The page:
A brochure will be issued every two months, with the next one being about agricultural investment in Sudan, and it will be made in co-operation with Social Security and Investment Authority.

The Association now has a Headquarters, in Riyadh (Khartoum), and in this HQ, international meetings are held every Saturday with their purpose being; the transfer of ideas and implementing the association’s program in the coming period.

We have a lot of programs but the Sudanese American Forum is the focus of the Association at the moment, but we plan to have initiatives, projects, and proposals that will see that light soon.

A lot of these associations have been around for a long time, do you believe this initiative will have an actual impact on the reality of Sudan? And why is that? Could it be the more democratic air around now? Or is it American support?

In truth, we are very hopeful that change will happen, and that the association will have a tangible part in that for many reasons.

And as you have said, the current atmosphere is also very helpful, with Sudan being lifted from the Sponsors of Terrorism List on the 14th of last December. This is one of the reasons but also not the singular reason for it. Right now, the American side looks to this new Sudan as serious in implementing change and committed to following through with the right steps.

And how is the response from the American embassy?

Right now, we have not requested any support from the American side on any level.
Even our headquarters is a rented property. We told the Americans that we do not want money, we as Sudanese, businessmen or otherwise, can carry this association through our own effort.

We also have a lot of support from the Sudanese expats in America, and they are very enthused with our current work.

Mohammed Almoatasim Hakkim:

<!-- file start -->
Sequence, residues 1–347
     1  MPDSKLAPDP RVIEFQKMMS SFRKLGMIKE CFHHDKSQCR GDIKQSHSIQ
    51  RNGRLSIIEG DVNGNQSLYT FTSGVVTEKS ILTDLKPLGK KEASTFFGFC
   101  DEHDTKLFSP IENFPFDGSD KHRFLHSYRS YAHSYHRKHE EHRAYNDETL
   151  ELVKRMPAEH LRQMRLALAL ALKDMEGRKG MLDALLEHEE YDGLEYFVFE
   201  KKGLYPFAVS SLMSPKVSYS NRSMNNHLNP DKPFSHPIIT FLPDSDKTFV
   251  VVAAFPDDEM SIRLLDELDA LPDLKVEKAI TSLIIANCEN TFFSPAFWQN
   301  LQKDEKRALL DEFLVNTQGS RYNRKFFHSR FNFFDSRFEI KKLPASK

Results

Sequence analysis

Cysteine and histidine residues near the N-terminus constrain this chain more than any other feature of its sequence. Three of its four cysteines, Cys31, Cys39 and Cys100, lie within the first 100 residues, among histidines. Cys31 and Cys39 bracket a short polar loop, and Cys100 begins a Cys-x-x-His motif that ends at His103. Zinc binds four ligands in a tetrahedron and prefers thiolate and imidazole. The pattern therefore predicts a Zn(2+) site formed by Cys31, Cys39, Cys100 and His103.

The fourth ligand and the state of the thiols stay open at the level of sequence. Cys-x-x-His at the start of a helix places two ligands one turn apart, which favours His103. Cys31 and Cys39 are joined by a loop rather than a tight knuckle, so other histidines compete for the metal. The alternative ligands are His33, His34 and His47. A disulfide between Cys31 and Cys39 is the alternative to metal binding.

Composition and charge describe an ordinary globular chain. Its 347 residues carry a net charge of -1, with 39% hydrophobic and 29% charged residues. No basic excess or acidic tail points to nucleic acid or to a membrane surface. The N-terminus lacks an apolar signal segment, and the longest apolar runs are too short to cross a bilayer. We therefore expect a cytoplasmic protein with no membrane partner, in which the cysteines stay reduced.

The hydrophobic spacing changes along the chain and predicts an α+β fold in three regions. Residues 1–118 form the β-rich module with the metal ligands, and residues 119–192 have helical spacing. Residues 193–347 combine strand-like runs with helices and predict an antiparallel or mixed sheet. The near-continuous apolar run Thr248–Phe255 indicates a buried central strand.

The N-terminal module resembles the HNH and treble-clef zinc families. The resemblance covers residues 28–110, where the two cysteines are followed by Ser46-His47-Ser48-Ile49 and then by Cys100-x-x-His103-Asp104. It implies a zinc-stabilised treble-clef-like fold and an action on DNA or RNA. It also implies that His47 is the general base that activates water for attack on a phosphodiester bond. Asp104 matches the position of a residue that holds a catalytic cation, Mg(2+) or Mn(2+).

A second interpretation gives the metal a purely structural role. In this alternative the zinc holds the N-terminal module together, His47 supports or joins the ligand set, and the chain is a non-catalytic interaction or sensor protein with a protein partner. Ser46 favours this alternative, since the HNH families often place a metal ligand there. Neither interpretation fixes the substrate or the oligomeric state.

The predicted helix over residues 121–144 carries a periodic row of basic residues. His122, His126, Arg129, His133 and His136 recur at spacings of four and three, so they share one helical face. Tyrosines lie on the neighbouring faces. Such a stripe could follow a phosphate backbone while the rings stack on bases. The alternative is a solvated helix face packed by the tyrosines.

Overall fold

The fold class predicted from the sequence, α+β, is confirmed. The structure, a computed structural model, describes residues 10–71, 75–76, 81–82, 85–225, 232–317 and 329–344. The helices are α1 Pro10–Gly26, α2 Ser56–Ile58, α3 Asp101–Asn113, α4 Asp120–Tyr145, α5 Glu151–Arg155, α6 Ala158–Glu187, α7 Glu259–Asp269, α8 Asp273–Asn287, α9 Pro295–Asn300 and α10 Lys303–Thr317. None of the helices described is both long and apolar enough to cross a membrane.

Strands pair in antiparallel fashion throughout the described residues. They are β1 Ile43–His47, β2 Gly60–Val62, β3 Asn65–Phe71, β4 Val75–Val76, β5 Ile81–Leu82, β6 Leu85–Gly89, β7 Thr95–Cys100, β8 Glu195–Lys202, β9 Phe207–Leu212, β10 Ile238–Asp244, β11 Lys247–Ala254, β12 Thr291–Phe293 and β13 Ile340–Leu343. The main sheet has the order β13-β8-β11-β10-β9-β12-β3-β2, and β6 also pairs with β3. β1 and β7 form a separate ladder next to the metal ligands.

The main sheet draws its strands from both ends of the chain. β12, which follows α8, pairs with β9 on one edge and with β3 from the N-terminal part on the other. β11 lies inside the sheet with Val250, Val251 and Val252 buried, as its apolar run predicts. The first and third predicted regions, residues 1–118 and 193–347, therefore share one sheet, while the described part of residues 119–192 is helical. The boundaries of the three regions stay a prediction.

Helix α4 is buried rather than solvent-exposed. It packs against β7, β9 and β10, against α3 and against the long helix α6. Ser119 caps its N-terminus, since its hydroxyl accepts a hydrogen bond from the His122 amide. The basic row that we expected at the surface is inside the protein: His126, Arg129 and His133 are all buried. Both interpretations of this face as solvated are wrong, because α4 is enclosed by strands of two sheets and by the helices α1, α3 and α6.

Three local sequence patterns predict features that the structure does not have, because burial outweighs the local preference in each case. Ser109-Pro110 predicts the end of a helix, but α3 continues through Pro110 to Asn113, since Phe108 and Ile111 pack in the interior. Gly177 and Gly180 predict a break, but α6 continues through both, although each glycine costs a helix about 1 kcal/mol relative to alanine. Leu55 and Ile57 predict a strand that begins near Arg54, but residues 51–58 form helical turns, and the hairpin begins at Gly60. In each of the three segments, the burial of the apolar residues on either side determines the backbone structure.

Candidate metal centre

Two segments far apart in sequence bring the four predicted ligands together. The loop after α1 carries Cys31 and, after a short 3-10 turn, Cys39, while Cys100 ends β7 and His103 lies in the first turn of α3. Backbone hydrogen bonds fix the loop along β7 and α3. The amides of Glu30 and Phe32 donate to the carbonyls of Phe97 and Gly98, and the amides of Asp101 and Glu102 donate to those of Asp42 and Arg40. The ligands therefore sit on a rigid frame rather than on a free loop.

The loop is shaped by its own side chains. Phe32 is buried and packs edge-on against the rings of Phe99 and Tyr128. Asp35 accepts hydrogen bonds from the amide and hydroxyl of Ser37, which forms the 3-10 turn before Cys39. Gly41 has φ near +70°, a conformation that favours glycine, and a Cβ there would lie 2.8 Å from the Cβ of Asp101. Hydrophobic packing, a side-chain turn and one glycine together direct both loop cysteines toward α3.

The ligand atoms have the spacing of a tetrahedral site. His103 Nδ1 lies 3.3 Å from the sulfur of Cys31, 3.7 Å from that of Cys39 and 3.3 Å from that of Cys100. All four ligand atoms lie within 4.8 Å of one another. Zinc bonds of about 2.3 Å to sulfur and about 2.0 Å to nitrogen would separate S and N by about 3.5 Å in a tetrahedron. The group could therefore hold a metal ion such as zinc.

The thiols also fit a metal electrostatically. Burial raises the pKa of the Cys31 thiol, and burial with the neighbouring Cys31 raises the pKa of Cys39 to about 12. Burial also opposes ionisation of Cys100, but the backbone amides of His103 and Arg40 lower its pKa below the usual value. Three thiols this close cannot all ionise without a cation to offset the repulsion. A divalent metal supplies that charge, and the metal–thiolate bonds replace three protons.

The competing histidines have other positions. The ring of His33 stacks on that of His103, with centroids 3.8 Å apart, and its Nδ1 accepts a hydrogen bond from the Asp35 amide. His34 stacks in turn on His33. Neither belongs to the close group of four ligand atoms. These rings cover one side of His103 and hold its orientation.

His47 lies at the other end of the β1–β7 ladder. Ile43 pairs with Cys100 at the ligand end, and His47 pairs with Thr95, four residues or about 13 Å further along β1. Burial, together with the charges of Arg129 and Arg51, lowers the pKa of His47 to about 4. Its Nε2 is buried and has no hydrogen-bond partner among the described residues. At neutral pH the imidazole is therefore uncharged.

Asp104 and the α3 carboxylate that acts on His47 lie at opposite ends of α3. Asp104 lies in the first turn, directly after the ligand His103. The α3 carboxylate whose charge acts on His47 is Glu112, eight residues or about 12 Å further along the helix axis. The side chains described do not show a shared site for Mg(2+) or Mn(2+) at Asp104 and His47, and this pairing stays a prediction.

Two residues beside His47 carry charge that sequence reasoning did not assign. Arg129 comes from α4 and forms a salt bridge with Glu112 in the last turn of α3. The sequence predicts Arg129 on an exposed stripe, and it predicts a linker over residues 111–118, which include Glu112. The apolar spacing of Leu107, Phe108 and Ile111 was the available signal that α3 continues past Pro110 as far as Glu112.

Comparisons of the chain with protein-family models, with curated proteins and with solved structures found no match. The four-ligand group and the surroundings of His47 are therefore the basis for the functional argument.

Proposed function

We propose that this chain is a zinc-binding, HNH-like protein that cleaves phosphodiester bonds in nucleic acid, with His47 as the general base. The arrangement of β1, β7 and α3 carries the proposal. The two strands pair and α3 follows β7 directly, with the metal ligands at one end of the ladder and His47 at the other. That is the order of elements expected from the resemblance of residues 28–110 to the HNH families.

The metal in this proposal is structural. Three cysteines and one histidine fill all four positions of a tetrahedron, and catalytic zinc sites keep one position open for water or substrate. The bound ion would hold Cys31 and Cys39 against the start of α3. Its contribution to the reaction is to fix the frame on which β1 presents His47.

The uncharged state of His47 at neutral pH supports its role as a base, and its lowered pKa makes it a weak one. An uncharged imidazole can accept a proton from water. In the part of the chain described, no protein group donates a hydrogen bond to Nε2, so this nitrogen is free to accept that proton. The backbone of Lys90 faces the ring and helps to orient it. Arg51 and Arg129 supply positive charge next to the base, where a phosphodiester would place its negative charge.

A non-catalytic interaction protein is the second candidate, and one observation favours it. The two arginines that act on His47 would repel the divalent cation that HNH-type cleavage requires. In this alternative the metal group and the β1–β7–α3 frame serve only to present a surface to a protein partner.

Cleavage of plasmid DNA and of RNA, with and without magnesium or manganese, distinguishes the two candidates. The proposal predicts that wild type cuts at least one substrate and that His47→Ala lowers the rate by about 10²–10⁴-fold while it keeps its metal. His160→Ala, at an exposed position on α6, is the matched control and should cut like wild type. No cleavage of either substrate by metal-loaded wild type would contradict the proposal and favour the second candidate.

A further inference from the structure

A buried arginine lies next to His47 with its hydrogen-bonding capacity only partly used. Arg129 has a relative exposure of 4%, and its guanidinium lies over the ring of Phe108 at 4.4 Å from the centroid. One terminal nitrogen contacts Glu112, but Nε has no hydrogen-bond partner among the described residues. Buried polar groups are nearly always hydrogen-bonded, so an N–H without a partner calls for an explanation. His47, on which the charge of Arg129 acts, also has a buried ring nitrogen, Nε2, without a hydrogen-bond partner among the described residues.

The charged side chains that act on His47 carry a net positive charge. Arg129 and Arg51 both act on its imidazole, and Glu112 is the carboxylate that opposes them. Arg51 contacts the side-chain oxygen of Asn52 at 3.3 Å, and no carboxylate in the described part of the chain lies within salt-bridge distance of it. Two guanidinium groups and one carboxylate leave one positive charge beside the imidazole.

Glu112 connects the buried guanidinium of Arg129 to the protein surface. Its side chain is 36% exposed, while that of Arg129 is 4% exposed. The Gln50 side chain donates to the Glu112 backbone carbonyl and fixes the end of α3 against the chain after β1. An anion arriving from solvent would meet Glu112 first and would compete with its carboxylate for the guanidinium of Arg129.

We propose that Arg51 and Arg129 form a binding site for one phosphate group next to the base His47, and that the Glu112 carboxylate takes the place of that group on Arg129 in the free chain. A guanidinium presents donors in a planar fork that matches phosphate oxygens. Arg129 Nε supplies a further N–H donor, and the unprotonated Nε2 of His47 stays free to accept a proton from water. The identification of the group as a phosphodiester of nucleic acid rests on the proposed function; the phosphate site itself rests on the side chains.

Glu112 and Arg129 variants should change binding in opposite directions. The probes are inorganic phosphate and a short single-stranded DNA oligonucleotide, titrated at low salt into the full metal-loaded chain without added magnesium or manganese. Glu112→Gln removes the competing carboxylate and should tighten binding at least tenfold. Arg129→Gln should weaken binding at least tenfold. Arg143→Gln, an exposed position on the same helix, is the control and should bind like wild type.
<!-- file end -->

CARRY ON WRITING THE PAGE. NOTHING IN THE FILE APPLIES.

I call it (Sudanese American Friendship Association) the embassy of Africa in Sudan. America wants stability when it comes to security in Sudan, America is fighting terrorism, America fears illegal immigration, they fear Boku Haram and Da’ish(ISIS).

America wants the Sudanese nation to be strong when facing these challenges.

Sudan also requests from America some lawful requests, those being the openness of Sudan to investments.

Sudan is a new Sudan.

It is important for you as an organisation to support national union and the unity of the Sudanese voice.

Prof. Salah Qarnaas:

Sudan is categorised, as you have known, as one of the three countries capable of providing food and clothing to the world.

We want to move from linear economics to circular and green economics.

Linear economics are products that that have a singular path, while Circular economics can recycle and reduce waste.
Especially as the Sudan of the revolution. Sudan is a very weird occurrence in the world at the moment, having changed from a regime to another without loss.

I have personally come from a generation that saw free education from the start to doctorates. So I see myself owing a huge dept I have to return to the next generations.

The youth of today can create miracles if they find guidance, and I am ready to give it, to the best of my ability.
We in the American friendship Association do not want anything and have no want for green cards. We only want to work with them to extract this potential.